kimberley griffiths little

 Today at the Chained Library, we welcome an alligator, a castle cake, and, best of all, middle grade and young adult author Kimberley Griffiths Little. Kimberley’s latest book is Circle of Secrets, the companion to 2010’s The Healing Spell. School Library Journal says, “Little’s rich, vivid prose and characterization create an intriguing universe in which realism and mysticism intertwine as the story’s secrets unravel.”

  Both books are middle grade stories of girls who desperately want what, pretty basically, we all want: intact and happy families. Not the kind of happy families that are all alike, but the kind that involve Cajun healing spells, gumbo, and the evocative backdrop of Louisiana bayou country. Welcome, Kimberley, and congratulations on that starred review in School Library Journal!

You have such an engaging narrative voice in both The Healing Spell and Circle of Secrets. What do you like best about writing for the middle grade age group? What do you think makes a good middle grade voice?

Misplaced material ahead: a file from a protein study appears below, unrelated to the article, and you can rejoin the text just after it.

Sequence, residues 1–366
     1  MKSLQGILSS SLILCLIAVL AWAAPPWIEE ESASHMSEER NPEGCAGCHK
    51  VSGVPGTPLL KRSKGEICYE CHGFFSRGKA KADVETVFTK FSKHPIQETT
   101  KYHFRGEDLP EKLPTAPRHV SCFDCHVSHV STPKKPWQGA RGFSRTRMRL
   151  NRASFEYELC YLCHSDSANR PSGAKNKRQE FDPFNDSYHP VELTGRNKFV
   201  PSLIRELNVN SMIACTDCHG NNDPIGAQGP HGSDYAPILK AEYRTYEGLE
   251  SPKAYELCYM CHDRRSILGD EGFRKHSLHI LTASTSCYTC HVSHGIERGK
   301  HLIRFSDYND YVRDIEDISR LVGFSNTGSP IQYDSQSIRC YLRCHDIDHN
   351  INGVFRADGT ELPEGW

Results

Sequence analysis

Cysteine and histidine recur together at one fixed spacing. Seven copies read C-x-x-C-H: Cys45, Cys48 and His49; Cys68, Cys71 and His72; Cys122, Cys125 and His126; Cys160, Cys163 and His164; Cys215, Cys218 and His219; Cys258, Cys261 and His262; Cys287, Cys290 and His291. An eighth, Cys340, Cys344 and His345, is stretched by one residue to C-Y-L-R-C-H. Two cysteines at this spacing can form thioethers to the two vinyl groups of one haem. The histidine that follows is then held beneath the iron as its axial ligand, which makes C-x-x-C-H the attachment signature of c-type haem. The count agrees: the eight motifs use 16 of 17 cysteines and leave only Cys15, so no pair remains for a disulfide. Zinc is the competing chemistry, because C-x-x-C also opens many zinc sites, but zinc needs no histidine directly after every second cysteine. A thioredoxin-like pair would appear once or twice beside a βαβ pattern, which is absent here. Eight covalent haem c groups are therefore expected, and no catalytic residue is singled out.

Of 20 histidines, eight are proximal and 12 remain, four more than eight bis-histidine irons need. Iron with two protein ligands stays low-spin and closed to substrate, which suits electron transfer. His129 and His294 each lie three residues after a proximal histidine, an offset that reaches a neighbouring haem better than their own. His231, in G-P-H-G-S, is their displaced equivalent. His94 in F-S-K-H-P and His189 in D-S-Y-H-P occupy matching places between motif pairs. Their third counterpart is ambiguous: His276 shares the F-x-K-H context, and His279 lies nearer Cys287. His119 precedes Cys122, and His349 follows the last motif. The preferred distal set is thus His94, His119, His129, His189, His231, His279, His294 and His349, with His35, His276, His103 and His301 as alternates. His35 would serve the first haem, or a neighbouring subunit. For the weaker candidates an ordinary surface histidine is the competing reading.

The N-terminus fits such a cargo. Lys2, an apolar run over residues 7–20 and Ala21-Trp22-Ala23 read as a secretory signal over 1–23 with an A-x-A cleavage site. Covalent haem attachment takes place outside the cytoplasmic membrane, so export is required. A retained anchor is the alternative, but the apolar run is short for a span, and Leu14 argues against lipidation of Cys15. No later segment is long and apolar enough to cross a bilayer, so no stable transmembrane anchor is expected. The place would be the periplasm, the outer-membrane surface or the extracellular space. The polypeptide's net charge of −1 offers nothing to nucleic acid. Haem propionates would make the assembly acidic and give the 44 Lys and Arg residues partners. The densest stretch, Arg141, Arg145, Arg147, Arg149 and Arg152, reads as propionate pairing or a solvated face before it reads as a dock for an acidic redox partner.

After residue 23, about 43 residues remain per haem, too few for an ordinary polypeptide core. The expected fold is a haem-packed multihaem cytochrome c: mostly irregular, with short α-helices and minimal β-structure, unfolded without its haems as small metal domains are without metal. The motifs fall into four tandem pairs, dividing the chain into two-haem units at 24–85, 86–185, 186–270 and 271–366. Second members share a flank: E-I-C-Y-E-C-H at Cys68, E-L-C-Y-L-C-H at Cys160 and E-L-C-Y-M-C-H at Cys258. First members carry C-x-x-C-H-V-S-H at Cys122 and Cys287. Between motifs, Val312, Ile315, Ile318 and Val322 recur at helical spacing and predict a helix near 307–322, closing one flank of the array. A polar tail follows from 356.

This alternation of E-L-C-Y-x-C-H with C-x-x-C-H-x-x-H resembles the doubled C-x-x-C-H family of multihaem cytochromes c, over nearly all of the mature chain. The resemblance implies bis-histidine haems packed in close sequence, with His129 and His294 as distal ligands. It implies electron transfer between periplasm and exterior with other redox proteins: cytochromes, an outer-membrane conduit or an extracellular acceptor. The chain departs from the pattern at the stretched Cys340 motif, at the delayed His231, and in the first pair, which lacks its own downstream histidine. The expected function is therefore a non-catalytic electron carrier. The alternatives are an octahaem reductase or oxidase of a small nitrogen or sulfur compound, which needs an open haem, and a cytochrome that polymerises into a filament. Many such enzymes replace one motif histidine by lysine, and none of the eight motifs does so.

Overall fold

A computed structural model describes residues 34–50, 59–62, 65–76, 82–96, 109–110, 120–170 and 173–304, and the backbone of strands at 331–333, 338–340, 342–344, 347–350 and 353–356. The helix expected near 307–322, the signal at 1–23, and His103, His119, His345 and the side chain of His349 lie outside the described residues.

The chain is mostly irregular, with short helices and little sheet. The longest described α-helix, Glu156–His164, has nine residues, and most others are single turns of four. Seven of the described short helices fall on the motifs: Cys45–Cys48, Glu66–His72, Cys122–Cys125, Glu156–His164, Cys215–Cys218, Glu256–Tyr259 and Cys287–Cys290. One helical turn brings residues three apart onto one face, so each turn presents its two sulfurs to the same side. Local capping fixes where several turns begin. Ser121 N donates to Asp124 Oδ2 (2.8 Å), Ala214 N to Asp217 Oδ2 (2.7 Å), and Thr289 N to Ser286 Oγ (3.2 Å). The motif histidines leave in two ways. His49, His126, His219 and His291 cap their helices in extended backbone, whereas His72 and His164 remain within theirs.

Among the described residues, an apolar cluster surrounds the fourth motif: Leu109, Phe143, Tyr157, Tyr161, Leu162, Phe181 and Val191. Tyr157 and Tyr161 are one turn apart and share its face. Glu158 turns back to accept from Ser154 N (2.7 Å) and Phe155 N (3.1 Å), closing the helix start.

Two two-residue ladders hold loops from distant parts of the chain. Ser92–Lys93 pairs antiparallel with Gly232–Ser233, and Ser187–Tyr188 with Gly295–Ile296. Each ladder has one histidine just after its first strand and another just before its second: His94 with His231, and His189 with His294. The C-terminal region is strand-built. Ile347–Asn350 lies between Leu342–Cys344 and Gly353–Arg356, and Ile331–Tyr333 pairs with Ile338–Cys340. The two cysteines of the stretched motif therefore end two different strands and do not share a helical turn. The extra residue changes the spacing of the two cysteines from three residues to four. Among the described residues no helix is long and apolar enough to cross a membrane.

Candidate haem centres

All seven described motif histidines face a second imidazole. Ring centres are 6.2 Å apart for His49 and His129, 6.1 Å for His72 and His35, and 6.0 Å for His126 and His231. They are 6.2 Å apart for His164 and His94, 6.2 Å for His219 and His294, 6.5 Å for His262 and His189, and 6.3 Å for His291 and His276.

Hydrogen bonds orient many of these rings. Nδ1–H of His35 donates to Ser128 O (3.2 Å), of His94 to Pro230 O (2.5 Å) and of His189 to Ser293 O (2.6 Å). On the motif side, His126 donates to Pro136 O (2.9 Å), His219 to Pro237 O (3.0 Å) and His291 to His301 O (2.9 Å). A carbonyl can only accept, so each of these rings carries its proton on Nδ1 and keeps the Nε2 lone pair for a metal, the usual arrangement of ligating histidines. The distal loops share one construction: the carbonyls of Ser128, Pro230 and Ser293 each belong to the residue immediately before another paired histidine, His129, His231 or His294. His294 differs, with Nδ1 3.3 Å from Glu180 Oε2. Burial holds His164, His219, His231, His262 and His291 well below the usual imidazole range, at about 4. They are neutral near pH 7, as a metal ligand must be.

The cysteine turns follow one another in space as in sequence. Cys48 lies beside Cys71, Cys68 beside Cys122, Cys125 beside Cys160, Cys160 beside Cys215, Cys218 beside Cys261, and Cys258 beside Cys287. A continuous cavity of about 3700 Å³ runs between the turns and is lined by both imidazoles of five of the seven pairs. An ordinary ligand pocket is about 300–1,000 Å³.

Well, thank you, Rebecca! The reason I like to write for this age group is that I believe it is the most powerful and influential age to write for—which can be extremely scary in its responsibility, but also extremely satisfying. The years of reading between 8-12 years of age are the most memorable for most people, too. When you ask an adult what their favorite book was while a child and 99 times out of 100 it will be a middle-grade book that has imprinted itself on them! The years between eight and twelve are very formative years in terms of just becoming aware of the world and people around us. Teens have angst, but so do elementary kids. Problems are big and scary and friendships and family are so important at those ages. Those are years that we’re learning so much and growing up and becoming little adults, but we’re very much dependent on parents and teachers and other adults who are meaningful in our lives.